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Emilie's Voice by Susanne Dunlap

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Leyland
Bibliophile
Location: Travelers Rest SC

Emilie's Voice by Susanne Dunlap

Postby Leyland » Tue September 2nd, 2008, 4:21 pm

Emilie’s Voice is an easy to read, intricately plotted and informative 304 page story set primarily in the Versailles court of Louis XIV. The author launches directly into telling the story of pretty fifteen year old Emilie Jolicoeur’s emergence from her father’s Parisian musical instrument atelier to becoming a day vocal student under the instruction of Charpentier, a distinguished composer, at the home of a Guise princesse. The reader quickly follows Emilie’s progress in learning to hone her considerable natural vocal talent and also to appeal to the courtier world she will entertain by learning to read as well as attaining the graceful manners and etiquette required to mix among them as a favored singer. Many of the necessary historic details are presented by the author in a nicely concise way and the reader will definitely feel comfortably part of the era.

After Emilie’s singing debut at a gathering of the nobility in the glittering salon at Hotel de Guise around page 40, the story quickly changes to one in which Emilie becomes a pawn and virtual prisoner at Versailles to be used in the power struggle between the King’s mistress Madame de Montespan and the governess, Madame de Maintenon. She continues her vocal instruction now under the King’s master, Lully, and is being groomed by Maintenon to become an extraordinary singer in order to catch the King’s interest. Her voice certainly enthralls and transports its listeners and is of such value that Emilie herself is only of secondary importance. Montespan is meant to be vanquished from the King’s bed and life so that he may live up to his holy destiny as the greatest of all French kings and Maintenon is determined to use Emilie’s voice to this end. Maintenon does not retain control as one would expect and so several plot twists are played out.

Emilie remains incredibly innocent and naive throughout the entire story. It’s hard to believe she could endure tragic circumstances and traumatic events and still remain as simple as she seems to be. There is love and happiness for her entwined amid the tug of war she experiences as a pawn in the schemes of the mighty ‘mistresses’ reigning at Versailles. This is not exactly a coming-of-age story in that context. The Emilie you meet on page one is almost exactly the same Emilie you say good-bye to at the end of story, which contains a very surprising twist.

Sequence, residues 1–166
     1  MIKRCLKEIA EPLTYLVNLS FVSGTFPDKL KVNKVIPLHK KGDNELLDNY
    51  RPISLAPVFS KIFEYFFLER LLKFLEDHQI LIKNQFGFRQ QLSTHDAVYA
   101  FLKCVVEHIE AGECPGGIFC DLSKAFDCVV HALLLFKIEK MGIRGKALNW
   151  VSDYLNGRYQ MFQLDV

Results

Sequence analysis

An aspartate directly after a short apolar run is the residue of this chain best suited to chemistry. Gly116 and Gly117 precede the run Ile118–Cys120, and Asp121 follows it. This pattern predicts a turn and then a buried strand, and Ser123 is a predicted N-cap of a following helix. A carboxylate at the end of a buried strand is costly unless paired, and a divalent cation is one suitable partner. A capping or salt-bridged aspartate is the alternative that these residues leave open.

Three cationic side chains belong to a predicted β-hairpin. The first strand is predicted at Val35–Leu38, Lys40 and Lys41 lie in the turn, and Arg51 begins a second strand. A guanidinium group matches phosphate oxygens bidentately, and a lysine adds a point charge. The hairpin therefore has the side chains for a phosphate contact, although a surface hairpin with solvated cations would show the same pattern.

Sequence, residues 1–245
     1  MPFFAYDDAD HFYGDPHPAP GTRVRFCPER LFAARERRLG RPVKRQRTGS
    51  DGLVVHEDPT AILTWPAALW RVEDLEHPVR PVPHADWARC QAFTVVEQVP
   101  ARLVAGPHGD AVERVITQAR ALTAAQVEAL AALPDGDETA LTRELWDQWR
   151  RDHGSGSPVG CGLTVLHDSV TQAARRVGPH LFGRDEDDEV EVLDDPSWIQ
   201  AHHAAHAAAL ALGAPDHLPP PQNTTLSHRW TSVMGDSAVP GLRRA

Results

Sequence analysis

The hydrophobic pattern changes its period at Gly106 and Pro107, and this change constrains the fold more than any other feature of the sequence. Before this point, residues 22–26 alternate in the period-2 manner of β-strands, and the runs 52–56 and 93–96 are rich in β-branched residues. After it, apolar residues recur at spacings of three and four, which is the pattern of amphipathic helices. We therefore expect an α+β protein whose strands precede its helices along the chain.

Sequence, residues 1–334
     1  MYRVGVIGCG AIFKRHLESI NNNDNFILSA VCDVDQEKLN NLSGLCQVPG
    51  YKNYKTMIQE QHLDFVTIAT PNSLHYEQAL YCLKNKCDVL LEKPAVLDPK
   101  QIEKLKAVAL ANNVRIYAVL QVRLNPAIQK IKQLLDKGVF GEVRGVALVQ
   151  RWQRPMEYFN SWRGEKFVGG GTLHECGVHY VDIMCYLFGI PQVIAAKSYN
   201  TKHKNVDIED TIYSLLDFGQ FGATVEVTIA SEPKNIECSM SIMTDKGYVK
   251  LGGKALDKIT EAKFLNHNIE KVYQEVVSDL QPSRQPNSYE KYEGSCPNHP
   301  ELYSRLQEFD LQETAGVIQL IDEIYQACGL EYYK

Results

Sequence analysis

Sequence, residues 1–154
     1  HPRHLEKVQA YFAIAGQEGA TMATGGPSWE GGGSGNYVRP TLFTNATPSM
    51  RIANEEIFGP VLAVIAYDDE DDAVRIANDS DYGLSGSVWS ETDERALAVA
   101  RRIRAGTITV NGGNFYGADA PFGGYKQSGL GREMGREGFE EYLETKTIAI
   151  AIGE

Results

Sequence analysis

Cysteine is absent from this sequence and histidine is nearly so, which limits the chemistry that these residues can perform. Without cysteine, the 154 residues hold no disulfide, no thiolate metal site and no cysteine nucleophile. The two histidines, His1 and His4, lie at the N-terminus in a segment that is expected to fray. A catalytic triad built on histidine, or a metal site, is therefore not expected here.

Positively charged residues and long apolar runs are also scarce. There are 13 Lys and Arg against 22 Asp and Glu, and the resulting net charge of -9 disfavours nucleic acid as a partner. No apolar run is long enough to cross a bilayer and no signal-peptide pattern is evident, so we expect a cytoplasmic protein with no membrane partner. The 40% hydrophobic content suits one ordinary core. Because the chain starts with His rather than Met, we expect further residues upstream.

Several of the supporting characters are the ones experiencing and demonstrating marked personal changes in reaction to the events that change Emilie’s life. They include her parents, the noble godson of the Mademoiselle de Guise, a former maid at the Hotel de Guise, the distinguished composer Charpentier, and a servant/spy working for Maintenon. These characters populate the story with intensity and provide the opposition to or compliance with the cruel power games constructed by Montespan and Maintenon. Even when events appear to separate from these schemes, the crafty rivals manage to tug Emilie and her loved ones back into a terrible web of malicious deceit and forced life choices.

Emilie’s Voice contains many twists and is quite different from the usual rags to riches story. I’d recommend reading it for that reason as well as for the knowledge and writing skills of the author. Dreams become nightmares or vice versa for several characters and gritty realism are presented quite clearly by the author.

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Leyland
Bibliophile
Location: Travelers Rest SC

Postby Leyland » Tue September 2nd, 2008, 4:24 pm

Ms. Dunlap's method of describing Emilie's voice is considerable in many parts of the story. Not only does she competently (to vocally ignorant me anyway) let us know what technical ability and training is required to achieve Emilie's level, she also lets us know the immense joy it gives Emilie to use and improve her gift. The reader feels Emilie's despair when circumstances occur that force her to not sing for a while. This despair makes is easier to understand Emilie's choice made at the end of the story and fully revealed in the epilogue. I guess that's my impression regarding the epilogue - to understand her choice is to understand how deeply Emilie felt about always being able to sing.

The epilogue contains such deep poignancy. My thoughts then swirled to the King and his mistresses - what awful power they held over those gifted artisits and others whose fortunes were dependent on the largesse of courtiers. Puppets and pawns I guess.


NOTE: The above are additional comments I made after I originally posted my review on the old site on 5.18.08

tsjmom
Reader

Postby tsjmom » Fri August 7th, 2009, 12:18 am

"Leyland" wrote:
The epilogue contains such deep poignancy. My thoughts then swirled to the King and his mistresses - what awful power they held over those gifted artisits and others whose fortunes were dependent on the largesse of courtiers. Puppets and pawns I guess.




I completely agree with this Leyland. I thought the ending more powerful than the rest of the book. It seemed like any typical, light HF, but the ending was powerful.

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Divia
Bibliomaniac
Location: Always Cloudy, Central New York

Postby Divia » Fri August 7th, 2009, 12:31 am

Did you know this is a Young Adult book. The author is currently working on one about Anastasia.
News, views, and reviews on books and graphic novels for young adult.
http://yabookmarks.blogspot.com/


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